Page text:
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This year’s honorary musher named for his lasting impact on the sport

The countdown to the Iditarod is on. An honorary musher is named each year to start first at the Downtown Anchorage ceremony. This year’s honorary musher has been involved with the “last great race” for over three decades.

The Iditarod Trail Committee (ITC) named Wilson Hughes this year’s honorary musher in a press release last month, commending his contributions to the Iditarod and his lasting impact on the sport of sled dog racing.

Hughes bought a one-way ticket from Missouri to Alaska over half a century ago. He began working at Alascom, a telecommunications company that sponsored the Iditarod at the time. 

“I spent a lot of trips to Nome back in those days and was there to watch the first team go in, in 73, and always admired it and enjoyed it.”

Hughes later started working for GCI, another telecommunications company. Around the same time, he said Alascom dropped their sponsorship for the race. He said he saw this as an opportunity for GCI.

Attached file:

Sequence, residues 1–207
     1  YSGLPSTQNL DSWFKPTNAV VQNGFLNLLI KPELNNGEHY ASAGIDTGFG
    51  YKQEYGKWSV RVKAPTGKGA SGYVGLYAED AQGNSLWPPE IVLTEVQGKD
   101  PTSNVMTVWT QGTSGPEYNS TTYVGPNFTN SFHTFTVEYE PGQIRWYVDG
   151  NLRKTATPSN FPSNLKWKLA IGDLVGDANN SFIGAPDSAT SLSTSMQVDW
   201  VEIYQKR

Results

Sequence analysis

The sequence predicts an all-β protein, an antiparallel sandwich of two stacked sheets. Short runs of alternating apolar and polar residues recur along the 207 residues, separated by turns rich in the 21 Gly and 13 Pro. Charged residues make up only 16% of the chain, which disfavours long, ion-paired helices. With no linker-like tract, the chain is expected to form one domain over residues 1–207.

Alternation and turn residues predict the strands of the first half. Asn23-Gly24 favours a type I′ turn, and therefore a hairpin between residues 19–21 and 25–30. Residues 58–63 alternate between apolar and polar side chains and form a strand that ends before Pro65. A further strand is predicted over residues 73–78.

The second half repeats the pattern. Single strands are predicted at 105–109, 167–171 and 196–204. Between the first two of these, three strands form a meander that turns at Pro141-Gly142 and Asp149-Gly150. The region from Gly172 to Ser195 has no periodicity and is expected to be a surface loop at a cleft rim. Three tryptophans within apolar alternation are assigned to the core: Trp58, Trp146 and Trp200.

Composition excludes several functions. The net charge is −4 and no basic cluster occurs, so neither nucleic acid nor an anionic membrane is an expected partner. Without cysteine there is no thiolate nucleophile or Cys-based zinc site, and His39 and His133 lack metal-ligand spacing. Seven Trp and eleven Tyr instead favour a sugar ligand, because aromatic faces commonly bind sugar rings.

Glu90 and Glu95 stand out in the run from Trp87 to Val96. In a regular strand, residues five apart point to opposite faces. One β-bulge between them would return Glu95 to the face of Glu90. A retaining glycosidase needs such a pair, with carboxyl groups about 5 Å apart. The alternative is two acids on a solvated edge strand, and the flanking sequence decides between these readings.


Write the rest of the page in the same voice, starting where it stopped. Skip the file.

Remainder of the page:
“We grabbed it and have been very active in it ever since.”

Stan Hooley, a former CEO of the race, said in the press release that Hughes helped establish GCI as an official sponsor in 1994 and is one of the longest standing sponsors for the race.

Hughes said one of his proudest moments is what he calls “cleaning up the act.” He said while many people love the Iditarod, there were moments when he wasn’t fond of the reputation it garnered.

“We needed to prove to the world that we cared about the canine members of the race as much as we cared about the human members of the race. And I think there was a big shift in attitudes, both on the mushers part, boards part, and the sponsors part.”

Hughes said he plans to bring something special off the finish line to remember being this year’s honorary musher, but is still deciding what he wants that item to be.

The Iditarod has its ceremonial start in March on Saturday, Mar. 2 in downtown Anchorage, which is just a celebration of the race.  The race officially begins the following day in Willow, about an hour and a half north of Anchorage.

Photo at top: Wilson Hughes and some of his family standing at the ceremonial start in downtown Anchorage. Hughes will be the first musher off the starting line this year. (Courtesy Wilson Hughes)

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